Women in Medicine: Opportunities and Challenges

Women are now equally represented in medical school enrollment in the United States. The field of medicine offers some opportunities to women who want to be both doctors and mothers that are not available in other professions. These opportunities, which include flexibility and predictable schedule, are available in some medical specialties but not others. Emma Goldberg of the New York Times writes about the special challenges for women who have a passion to become surgeons. The field of surgery remains male dominated, with only 23 percent of practicing surgeons being women. What are some of the challenges women face who want to become surgeons? Goldberg notes the following:

  • 72 percent of female medical students reported verbal discouragement from going into surgery.
  • Surgical residencies can last up to seven years and require eighty-hour work weeks with little flexibility.
  • Students start training in their midtwenties and continue into their early thirties, which are prime childbearing years.
  • Parental leave policies for pregnancy are not uniform.
  • Flexible schedules are not allowed when returning from pregnancy leave, requiring twelve-hour shifts that don’t allow for breast-feeding or childcare.
  • Access to lactation spaces or breaks for pumping is limited or nonexistent.
  • Women don’t get childcare support.
  • Pregnant residents are subject to microaggressions from faculty and coresidents who feel a pregnant doctor is a burden.

While the obstacles are significant, many women want to be surgeons and bring important sensitivities to the doctor-patient relationship. Institutional changes can make the training of surgeons more inviting to both women and men who want to have families and help close the looming deficit of surgeons needed in the United States.

Some medical specialties offer more family-friendly options. Claire Cain Miller writes in the New York Times about the choices some women have made to go into specialties that are not always their first choice and sometimes are lower paid in order to practice medicine in a more family-friendly specialty, such as pediatrics, dermatology, geriatrics, and child psychiatry. In fact, women are the majority in these specialties, and they are less likely to stop working after childbirth than women in other professions. Here are some of the reasons women are drawn to these specialties:

  • This type of work offers flexible and predictable hours.
  • These professionals are part of a large group practice where more people are available to help cover the work. The majority of female doctors now work for large group practices as employees rather than as independent owners of a medical practice.
  • Women doctors who work reduced hours tend to be paid proportionately. For example, they receive 80 percent of pay for working 80 percent full time.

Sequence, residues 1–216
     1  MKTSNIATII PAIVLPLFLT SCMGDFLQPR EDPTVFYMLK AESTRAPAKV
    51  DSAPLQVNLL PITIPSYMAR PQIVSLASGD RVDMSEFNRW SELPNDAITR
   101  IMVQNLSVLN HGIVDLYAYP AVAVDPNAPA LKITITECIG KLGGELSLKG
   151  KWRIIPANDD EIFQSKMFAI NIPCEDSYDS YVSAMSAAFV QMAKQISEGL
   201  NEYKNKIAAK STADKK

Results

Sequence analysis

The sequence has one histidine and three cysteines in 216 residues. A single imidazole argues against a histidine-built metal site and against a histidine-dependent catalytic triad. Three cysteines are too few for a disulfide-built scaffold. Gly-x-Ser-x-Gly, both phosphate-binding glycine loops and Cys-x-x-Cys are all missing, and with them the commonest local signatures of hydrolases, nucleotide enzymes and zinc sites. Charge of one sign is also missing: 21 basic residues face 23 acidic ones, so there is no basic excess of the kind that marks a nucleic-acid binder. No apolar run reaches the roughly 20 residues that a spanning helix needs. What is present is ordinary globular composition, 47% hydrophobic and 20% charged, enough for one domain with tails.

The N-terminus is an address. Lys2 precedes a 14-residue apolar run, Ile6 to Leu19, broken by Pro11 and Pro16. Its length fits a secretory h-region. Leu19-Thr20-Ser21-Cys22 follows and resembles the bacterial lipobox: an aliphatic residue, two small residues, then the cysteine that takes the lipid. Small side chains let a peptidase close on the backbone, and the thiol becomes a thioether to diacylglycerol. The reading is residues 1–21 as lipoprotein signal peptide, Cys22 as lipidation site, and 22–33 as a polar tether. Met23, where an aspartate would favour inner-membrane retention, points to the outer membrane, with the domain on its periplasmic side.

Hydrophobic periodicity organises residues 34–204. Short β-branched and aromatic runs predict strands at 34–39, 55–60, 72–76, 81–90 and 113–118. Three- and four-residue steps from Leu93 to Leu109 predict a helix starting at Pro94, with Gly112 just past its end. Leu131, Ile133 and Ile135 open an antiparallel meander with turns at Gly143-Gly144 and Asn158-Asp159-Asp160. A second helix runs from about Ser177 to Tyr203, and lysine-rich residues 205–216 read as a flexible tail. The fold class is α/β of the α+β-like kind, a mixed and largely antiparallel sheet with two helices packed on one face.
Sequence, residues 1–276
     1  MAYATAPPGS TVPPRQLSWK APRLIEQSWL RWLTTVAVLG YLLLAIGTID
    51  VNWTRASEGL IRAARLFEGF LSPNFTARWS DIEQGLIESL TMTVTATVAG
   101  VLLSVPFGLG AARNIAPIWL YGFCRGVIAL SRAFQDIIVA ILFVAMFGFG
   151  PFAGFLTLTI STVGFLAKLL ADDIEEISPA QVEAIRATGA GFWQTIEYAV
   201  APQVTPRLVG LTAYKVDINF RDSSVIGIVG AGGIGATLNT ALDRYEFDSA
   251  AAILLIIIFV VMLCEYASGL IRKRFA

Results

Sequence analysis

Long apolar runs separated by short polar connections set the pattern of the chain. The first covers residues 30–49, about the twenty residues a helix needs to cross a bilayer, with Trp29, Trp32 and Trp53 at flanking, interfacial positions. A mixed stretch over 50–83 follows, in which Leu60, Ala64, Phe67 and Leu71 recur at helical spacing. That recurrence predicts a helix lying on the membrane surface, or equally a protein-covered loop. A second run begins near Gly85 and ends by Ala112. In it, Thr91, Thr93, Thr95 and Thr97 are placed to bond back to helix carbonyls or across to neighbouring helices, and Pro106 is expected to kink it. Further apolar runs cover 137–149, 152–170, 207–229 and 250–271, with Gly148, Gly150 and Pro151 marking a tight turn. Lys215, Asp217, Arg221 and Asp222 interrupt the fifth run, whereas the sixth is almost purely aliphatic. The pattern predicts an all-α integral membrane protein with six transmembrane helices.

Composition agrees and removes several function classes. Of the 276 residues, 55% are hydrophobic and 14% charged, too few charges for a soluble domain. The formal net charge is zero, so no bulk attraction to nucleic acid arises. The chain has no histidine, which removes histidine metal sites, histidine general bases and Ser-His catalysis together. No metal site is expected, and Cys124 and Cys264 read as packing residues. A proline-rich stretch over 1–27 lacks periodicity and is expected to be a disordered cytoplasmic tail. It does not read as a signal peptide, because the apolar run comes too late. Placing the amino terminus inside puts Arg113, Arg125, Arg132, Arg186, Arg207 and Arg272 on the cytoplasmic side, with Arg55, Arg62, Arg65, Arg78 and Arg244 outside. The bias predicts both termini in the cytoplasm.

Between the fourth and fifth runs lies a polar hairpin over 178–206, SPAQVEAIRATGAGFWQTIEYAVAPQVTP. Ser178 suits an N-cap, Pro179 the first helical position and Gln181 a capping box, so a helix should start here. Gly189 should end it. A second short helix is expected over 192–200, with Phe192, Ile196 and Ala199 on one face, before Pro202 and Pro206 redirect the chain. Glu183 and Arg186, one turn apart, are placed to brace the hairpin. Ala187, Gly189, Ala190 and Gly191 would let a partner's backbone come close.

The more time-intensive specialties, such as surgery, are still male dominated and pay more. As young men going into medicine are beginning to demand more work-family balance, perhaps specialties such as surgery and oncology will reform their requirements for eighty-hour work weeks during training, thereby attracting more women. In the meantime, medicine, overall, has become a model that other professions could follow to create more equitable and family-friendly work environments. Policies and procedures in many medical specialties that work for women are

  • Lactation rooms and breaks for pumping
  • Flexible and predictable schedules
  • Part-time schedules with proportional pay
  • Childcare support
  • Support networks of “doctor moms” who share resources and encouragement and help each other out
  • Parental leave policies that include fathers and support part-time return after childbirth

These policies and practices are needed everywhere.


Photo by Artur Tumasjan on Unsplash

How Gender Bias in Medicine Affects Women’s Health: A Book Review

Doing Harm by Maya Dusenbery, a new book recently reviewed in the New York Times by Parul Sehgal, is a rich collection of studies and statistics that reveal sexism at every level of medicine. Sehgal notes that the core message of the author is that the ancient distrust of women to be reliable narrators of their own experiences or their bodily pain is linked to the current “believe women” moment we are in as more speak out in the “Me Too” movement. The author also points out that this suppression of women’s voices is linked to how frequently women get interrupted in meetings and how rarely women are quoted as experts. Women’s voices are ignored or belittled and, in addition to the other challenges we face, this dynamic impacts our ability to get good medical care. Dusenbery offers multiple examples to make her point:

  • Women with abdominal pain wait in emergency rooms for sixty-five minutes compared to forty-nine minutes for men.